President Barack Obama addressed the rise of the controversial “Black Lives Matter” movement Thursday, saying that “all lives matter” but also stressing the black community faces specific challenges.
During a forum on criminal justice reform at the Eisenhower Executive Office Building, the president called Black Lives Matter a “social media movement.”
AP Photo/Pablo Martinez Monsivais
“People say 'all lives matter,' and supposedly somehow Black Lives Matter was reverse racism or suggesting that other people’s lives don’t matter or police officers’ lives don’t matter,” Obama said. “Whenever we get bogged down in that kind of discussion, we know where that goes.”
“Everybody understands that all lives matter. Everybody wants strong, effective law enforcement. Everybody wants their kids to be safe when they are walking across the street,” the president said. “Nobody wants to see police officers who are doing their jobs fairly hurt. Everybody understands it’s a dangerous job.”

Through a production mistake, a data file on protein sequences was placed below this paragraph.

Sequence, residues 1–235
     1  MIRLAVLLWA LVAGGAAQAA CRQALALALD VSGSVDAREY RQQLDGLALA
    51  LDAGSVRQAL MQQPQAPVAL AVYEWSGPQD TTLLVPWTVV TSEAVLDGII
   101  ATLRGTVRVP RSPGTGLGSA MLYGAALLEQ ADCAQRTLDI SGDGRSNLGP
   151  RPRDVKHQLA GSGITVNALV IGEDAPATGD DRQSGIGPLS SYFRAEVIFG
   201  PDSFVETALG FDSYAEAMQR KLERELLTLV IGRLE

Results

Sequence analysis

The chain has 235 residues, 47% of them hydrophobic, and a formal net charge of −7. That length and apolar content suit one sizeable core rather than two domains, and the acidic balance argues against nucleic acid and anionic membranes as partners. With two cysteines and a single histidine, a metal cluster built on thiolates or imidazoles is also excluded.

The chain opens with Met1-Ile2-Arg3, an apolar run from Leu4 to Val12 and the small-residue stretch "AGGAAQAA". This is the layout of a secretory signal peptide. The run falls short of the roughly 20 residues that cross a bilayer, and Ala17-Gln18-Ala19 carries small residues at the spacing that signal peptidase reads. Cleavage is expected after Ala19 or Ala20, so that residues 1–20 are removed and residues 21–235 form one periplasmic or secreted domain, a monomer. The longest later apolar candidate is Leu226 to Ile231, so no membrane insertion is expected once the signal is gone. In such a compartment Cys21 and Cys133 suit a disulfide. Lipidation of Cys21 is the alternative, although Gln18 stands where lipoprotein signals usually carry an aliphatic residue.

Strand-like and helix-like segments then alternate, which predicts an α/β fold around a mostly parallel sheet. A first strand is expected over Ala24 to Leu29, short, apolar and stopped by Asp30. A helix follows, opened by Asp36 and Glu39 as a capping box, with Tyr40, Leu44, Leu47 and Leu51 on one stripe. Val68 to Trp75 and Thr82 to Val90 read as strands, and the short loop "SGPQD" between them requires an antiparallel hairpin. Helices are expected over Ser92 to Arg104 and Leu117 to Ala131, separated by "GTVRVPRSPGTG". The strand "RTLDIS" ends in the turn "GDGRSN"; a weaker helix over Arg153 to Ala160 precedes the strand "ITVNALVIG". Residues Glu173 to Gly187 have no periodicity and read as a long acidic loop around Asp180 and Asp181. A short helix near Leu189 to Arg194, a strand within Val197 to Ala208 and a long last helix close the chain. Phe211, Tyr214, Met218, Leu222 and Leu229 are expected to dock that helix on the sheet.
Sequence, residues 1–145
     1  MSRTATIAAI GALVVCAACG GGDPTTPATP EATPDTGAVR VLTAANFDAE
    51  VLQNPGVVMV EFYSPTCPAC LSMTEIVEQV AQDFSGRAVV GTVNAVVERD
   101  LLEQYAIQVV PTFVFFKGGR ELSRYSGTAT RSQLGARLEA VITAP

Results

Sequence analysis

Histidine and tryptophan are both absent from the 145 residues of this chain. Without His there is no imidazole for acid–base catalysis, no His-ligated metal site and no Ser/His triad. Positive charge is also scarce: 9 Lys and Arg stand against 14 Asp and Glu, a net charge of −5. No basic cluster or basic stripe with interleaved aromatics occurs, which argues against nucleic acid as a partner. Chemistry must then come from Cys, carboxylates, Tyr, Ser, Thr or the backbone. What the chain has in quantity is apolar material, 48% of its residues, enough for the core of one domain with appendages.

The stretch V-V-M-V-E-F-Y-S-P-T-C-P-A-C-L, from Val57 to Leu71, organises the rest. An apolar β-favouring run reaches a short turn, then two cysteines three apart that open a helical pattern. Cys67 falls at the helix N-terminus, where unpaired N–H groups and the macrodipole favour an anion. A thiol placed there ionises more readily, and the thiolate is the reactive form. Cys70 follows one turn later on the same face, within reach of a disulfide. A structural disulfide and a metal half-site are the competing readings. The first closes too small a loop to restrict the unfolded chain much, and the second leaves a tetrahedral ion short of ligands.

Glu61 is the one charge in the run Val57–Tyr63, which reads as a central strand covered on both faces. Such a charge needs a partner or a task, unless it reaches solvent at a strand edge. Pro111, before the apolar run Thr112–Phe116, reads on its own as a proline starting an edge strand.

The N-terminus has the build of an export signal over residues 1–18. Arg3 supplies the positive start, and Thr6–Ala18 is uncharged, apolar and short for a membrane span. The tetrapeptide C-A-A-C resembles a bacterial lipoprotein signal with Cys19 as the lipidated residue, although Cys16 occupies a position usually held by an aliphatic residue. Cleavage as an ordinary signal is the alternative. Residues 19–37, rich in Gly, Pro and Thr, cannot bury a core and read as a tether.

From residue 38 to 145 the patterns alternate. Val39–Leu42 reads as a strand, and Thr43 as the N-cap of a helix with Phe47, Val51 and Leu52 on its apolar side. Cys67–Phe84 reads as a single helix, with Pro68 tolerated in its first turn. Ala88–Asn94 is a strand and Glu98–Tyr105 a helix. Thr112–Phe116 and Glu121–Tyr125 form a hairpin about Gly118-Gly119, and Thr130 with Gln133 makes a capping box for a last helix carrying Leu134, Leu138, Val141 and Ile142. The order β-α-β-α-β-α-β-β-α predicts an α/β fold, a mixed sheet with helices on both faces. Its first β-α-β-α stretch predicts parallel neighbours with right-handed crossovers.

He further went on to say why he thought the phrase Black Lives Matters is used.
“The reason the organizers use the phrase ‘Black Lives Matter’ is not because they were suggesting no one else’s lives matter,” Obama further explained. “Rather what they were suggesting is there was a specific problem that is happening in the African-American community that is not happening in other communities. That is a legitimate issue that we’ve got to address.”
“There is a specific concern as to whether African-Americans are sometimes treated in different jurisdictions or subject to excessive force more frequently,” Obama said. “I think it’s important for those who are concerned about that to back it up with data, not anecdote, to not paint with a broad brush, to understand that the overwhelming majority of law enforcement is doing the right thing and wants to do the right thing; to recognize that police officers have a really tough job, and we’re sending them into really tough neighborhoods, sometimes to make split second decisions, so you shouldn’t be too sanctimonious about situations that sometimes can be ambiguous. But, having said all that, we as a society, particularly given our history, have to take this seriously. One of the ways of avoiding all this and getting lost in the politics of the moment is stepping back and understanding that the African-American community is not making this up.”